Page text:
Friday, February 6, 2015

Things Worth Knowing (2.6.15): Change of Thrones

I loved my Kohler Pompton toilet—its height, its compact, unobtrusive profile, its small footprint in my small bathroom. But when its seal sprang a small leak, its time at our house was up. Yes, it was time for it to go.

The Pompton in place. Out with the old…
The Pompton toilet is no longer manufactured, for a very good reason. It is a water hog. Toilets built before 1982 (as this one was) use 5 to 7 gallons of water. The mandate in drought-stricken California (expected to take effect in 2016) is 1.28 gallons per flush. The current limit in that state is 1.6 gallons.

Even though we live in a region rich in water, we knew it was wrong to squander so much. How can a couple say they are trying to be Green and still allow so many gallons of water to be flushed away each day when they know there are better options available? Inefficient toilets not only waste a valuable natural resource: they also put an unnecessary strain on the sewer system. In New Haven the storm and sanitary systems are still combined in many parts of the city. During major storms, the sudden surge of rainwater can be too much for the system to handle, causing untreated water to pour into our watershed. The less water entering the system, the better.

Last, but not least, is the economic factor. The cubic feet of water our household uses determines both our water bill and our sewer use fee. The lower the water usage, the better it is for our budget.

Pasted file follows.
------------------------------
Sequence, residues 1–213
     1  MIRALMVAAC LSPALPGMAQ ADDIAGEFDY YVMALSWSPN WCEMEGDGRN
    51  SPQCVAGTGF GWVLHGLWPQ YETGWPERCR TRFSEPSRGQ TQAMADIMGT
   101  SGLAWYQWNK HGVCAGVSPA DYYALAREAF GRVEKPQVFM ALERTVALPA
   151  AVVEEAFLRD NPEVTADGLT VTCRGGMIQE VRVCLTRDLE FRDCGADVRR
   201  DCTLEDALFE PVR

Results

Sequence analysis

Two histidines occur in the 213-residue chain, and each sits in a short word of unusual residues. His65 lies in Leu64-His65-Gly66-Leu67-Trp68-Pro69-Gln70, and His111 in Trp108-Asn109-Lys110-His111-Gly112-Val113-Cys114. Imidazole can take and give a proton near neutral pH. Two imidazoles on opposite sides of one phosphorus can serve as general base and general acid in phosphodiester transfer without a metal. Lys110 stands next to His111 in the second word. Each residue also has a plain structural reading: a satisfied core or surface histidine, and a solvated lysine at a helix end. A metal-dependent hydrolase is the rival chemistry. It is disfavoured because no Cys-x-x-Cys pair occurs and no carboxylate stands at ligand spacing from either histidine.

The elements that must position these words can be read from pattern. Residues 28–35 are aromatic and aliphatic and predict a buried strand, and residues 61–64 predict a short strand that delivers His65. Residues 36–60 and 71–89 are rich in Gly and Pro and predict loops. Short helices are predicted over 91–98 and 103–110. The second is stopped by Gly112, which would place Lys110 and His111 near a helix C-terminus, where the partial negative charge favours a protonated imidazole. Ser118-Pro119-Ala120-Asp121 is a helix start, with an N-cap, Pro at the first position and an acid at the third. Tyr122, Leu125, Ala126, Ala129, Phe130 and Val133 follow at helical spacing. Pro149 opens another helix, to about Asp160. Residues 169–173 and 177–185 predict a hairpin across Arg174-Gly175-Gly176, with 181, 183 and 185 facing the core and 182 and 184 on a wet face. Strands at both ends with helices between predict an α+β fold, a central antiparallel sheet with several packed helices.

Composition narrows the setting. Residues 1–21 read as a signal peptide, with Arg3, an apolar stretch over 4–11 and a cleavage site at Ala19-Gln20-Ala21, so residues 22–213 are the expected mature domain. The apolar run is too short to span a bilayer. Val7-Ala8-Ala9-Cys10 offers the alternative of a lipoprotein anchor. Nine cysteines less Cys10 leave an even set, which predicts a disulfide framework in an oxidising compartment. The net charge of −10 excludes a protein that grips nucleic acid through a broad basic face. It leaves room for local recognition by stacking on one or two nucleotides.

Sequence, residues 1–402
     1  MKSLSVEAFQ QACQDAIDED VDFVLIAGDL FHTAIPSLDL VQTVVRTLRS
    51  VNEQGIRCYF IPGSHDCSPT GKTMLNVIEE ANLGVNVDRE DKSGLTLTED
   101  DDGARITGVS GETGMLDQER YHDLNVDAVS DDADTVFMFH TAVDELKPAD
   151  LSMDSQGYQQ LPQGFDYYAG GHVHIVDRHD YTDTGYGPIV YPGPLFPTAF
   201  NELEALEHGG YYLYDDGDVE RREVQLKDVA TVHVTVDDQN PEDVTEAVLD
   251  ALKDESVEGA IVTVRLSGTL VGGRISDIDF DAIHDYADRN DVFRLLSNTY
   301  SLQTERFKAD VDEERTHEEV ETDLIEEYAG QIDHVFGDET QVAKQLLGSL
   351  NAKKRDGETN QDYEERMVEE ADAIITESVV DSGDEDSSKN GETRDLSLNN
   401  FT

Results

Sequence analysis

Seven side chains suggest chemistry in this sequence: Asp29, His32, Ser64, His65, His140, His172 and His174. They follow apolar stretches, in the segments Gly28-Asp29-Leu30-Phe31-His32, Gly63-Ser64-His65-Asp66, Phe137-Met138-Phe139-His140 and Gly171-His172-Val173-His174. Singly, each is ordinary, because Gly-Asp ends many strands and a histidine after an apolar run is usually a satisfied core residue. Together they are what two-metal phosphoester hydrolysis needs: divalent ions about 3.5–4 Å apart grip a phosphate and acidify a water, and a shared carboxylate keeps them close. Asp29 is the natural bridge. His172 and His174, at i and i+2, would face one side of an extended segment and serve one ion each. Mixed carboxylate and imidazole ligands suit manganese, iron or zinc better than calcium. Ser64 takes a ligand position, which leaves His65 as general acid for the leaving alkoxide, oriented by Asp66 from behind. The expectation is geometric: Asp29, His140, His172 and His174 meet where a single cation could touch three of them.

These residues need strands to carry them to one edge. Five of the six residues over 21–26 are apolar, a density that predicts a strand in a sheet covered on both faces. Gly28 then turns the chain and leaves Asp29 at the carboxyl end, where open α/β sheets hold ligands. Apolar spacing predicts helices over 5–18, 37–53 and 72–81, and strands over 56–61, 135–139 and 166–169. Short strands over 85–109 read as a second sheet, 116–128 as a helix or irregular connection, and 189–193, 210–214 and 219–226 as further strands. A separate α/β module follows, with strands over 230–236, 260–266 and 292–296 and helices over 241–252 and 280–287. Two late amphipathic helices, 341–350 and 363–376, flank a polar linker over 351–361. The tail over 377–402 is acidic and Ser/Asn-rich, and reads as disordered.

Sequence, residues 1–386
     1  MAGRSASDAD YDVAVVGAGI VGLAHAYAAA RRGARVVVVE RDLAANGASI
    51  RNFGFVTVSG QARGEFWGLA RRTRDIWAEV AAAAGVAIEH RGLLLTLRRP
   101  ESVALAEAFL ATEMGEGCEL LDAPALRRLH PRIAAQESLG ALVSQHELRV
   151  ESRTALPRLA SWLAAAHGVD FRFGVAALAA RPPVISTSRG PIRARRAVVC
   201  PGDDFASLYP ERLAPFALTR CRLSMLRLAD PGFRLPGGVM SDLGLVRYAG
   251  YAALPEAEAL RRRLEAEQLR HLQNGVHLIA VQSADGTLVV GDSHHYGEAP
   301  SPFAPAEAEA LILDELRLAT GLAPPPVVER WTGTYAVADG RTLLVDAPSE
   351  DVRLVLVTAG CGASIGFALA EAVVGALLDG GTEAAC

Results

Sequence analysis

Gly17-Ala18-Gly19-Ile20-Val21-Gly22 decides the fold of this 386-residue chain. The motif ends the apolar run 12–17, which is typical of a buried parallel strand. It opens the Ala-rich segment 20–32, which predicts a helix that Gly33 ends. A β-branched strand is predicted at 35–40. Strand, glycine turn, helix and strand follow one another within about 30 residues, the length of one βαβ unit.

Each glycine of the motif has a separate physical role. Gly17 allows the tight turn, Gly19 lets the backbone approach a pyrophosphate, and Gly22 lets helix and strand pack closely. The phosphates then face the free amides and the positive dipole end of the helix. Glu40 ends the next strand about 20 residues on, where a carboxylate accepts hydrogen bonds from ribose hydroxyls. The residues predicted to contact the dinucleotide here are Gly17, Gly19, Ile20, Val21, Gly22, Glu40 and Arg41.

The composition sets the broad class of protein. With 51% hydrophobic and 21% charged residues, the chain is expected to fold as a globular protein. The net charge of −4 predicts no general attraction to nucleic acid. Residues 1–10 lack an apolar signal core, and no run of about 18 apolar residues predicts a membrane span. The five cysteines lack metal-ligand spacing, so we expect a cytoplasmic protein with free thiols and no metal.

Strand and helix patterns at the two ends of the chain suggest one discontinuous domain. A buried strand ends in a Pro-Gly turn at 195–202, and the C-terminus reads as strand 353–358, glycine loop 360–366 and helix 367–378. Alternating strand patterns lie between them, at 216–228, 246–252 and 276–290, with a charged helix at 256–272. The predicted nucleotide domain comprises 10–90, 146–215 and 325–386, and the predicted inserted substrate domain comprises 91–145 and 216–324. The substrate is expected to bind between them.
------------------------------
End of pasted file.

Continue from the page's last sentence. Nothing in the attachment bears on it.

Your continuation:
We knew it was time to make the switch.

There are a number of more efficient toilets readily available in the big box stores, with some models requiring as little as 1.28 gallons per flush.

But from our friends at Neighborhood Housing Services of New Haven we heard about an even more efficient option — The Stealth UHET (Ultra High-Efficiency) Toilet, sold by Niagara Conservation. This is the most efficient toilet currently available, requiring a mere 0.8 gallons per flush! 

You can watch a dramatic demo and full explanation of Stealth technology here. [The video is a bit long, but at least watch through the demo.]

We decided to go all out, and opted to purchase a Stealth — in the round bowl option.  It comes in two pieces, its seat is higher than the Pompton’s, and its footprint is larger, but we were pretty confident we could make the adjustment.  

We called the regional distributor, who gave us the name of the local plumbing store that carries Niagara Conservation products. We placed an order and our Stealth arrived in the store a few days later, exactly when promised.

Our new toilet is installed. We had to switch to a square box of Kleenex, but we are getting used to the new look and seat height.

In with the new…The Stealth installed.
We push a button on the top of the tank now. The Stealth has a quiet but extremely powerful flush. [The video explains how this is possible.] It has done the job every time.

This model is not ADA compliant, but the elongated version, with its 17” high bowl and longer seat, meets the ADA requirements.

We are so happy with our Stealth that we are planning to swap a second toilet very soon. We are hoping to see a big change in our next water bill… 

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